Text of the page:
A Place for Water-Carriers to Pray and a Letter from Sholem Aleichem: Lost Jewish Archives Come to New York

Nov. 16 2017

Last month, the YIVO Institute announced that some 170,000 documents and artifacts had been found in Lithuania, remnants of the collection that a group of Vilna Jews had hidden from the Nazis during World War II. A few of these items are now on display in New York. Josefin Dolsten describes some of the most notable:

A communal record book from Lazdijai, Lithuania, 1836. The book, called a pinkas, was written for a Talmud-study association and used to record information about its members, such as births, deaths, and business transactions. It is decorated with ornate illustrations and states that in order to remain part of the group, members must study a full page of Talmud together. . . .

A letter written by Sholem Aleichem from a health resort, Badenweiler, Germany, 1910. The famed Yiddish author had health problems and would spend time in health resorts far away from friends and family. In this note, Sholem Aleichem makes fun of Leon Neustadt, a leader in the Warsaw Jewish community, writing that a biblical verse referring to non-kosher animals . . . actually refers to Neustadt.

An agreement between a water-carrier union and the Ramayles Yeshiva, Vilna, 1857. In the document, the group . . . promises to donate a Torah scroll and raise money to purchase a Talmud set for the prominent yeshiva in exchange for the use of a room for religious services.

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More about: History & Ideas, Jewish archives, Sholem Aleichem, Synagogues, Vilna, YIVO

No, Israelis and Palestinians Can’t Simply Sit Down and Solve the “Israel-Palestinian Conflict”

Jan. 17 2019

By “zooming out” from the blinkered perspective with which most Westerners see the affairs of the Jewish state, argues Matti Friedman, one can begin to see things the way Israelis do:

Many [in Israel] believe that an agreement signed by a Western-backed Palestinian leader in the West Bank won’t end the conflict, because it will wind up creating not a state but a power vacuum destined to be filled by intra-Muslim chaos, or Iranian proxies, or some combination of both. That’s exactly what has happened . . . in Gaza, Lebanon, Syria, and Iraq. One of Israel’s nightmares is that the fragile monarchy in Jordan could follow its neighbors . . . into dissolution and into Iran’s orbit, which would mean that if Israel doesn’t hold the West Bank, an Iranian tank will be able to drive directly from Tehran to the outskirts of Tel Aviv. . . .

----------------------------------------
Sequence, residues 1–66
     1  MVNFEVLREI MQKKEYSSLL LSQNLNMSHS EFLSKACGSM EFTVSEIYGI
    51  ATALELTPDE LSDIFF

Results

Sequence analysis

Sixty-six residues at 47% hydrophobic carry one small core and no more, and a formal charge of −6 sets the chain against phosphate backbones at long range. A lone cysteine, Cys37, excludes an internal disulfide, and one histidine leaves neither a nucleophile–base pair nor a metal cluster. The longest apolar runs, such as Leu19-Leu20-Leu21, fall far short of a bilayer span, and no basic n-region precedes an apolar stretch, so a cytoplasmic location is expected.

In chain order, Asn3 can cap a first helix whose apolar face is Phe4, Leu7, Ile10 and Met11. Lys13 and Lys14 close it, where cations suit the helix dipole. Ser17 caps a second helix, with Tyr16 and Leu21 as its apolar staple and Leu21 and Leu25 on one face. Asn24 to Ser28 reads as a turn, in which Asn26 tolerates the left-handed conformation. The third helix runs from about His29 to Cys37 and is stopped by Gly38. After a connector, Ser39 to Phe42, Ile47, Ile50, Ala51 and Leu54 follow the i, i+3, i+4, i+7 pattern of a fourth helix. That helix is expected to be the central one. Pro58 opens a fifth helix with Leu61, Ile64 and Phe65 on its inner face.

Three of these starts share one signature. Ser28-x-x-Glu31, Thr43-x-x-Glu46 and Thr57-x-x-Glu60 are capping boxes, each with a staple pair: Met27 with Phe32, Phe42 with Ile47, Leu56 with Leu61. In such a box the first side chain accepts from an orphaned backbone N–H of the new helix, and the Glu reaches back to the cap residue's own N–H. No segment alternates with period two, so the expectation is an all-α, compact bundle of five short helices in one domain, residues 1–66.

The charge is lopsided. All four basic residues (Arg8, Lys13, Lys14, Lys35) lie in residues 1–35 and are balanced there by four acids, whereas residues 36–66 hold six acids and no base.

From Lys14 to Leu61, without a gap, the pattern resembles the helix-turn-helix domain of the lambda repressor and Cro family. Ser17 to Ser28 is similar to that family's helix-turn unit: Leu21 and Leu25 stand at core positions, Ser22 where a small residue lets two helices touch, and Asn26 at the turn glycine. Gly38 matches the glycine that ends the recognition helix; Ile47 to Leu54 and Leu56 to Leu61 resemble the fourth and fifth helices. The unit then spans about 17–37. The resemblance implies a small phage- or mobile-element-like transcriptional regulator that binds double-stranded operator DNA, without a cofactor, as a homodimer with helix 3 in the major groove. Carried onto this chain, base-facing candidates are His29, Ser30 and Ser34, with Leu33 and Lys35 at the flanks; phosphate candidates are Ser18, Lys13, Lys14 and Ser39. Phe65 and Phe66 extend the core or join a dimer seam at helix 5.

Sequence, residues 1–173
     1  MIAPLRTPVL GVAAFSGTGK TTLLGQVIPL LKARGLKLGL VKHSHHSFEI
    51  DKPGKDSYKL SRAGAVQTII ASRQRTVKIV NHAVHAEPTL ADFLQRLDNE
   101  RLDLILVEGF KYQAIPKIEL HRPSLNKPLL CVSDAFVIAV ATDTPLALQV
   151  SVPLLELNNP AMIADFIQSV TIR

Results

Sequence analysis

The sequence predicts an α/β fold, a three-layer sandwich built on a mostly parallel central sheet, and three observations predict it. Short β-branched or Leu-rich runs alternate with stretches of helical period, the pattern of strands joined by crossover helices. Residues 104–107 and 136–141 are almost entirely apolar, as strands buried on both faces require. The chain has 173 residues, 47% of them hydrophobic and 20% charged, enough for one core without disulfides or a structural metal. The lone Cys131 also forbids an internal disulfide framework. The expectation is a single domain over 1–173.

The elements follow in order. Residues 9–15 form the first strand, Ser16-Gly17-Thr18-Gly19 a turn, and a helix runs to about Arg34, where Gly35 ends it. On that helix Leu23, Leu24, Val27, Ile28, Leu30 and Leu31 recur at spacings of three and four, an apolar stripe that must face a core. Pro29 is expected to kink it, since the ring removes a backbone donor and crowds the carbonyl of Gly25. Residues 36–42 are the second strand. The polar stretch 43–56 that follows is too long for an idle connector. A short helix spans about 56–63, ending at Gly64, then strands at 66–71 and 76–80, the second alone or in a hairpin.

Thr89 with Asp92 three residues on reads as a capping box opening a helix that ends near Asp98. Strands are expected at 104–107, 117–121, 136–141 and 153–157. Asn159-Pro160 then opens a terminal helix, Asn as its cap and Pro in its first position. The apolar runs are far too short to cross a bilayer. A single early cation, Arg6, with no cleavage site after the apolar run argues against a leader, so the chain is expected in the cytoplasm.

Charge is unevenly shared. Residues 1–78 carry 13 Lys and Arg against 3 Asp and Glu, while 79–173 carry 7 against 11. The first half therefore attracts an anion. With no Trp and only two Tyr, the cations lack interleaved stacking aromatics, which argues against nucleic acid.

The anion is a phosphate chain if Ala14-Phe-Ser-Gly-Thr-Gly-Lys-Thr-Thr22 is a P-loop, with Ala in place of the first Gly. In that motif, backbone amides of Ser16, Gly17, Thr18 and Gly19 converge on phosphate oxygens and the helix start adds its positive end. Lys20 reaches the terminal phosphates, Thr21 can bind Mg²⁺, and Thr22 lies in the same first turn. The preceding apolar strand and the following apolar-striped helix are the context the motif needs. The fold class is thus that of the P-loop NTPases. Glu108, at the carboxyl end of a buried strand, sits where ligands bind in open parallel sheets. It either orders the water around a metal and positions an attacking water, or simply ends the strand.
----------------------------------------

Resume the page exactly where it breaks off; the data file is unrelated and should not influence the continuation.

In the “Israeli-Palestinian” framing, with all other regional components obscured, an Israeli withdrawal in the West Bank seems like a good idea—“like a real-estate deal,” in President Trump’s formulation—if not a moral imperative. And if the regional context were peace, as it was in Northern Ireland, for example, a power vacuum could indeed be filled by calm.

But anyone using a wider lens sees that the actual context here is a complex, multifaceted war, or a set of linked wars, devastating this part of the world. The scope of this conflict is hard to grasp in fragmented news reports but easy to see if you pull out a map and look at Israel’s surroundings, from Libya through Syria and Iraq to Yemen.

The fault lines have little to do with Israel. They run between dictators and the people they’ve been oppressing for generations; between progressives and medievalists; between Sunnis and Shiites; between majority populations and minorities. If [Israel’s] small sub-war were somehow resolved, or even if Israel vanished tonight, the Middle East would remain the same volatile place it is now.

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More about: Hizballah, Iran, Israel & Zionism, Israeli-Palestinian Conflict, Middle East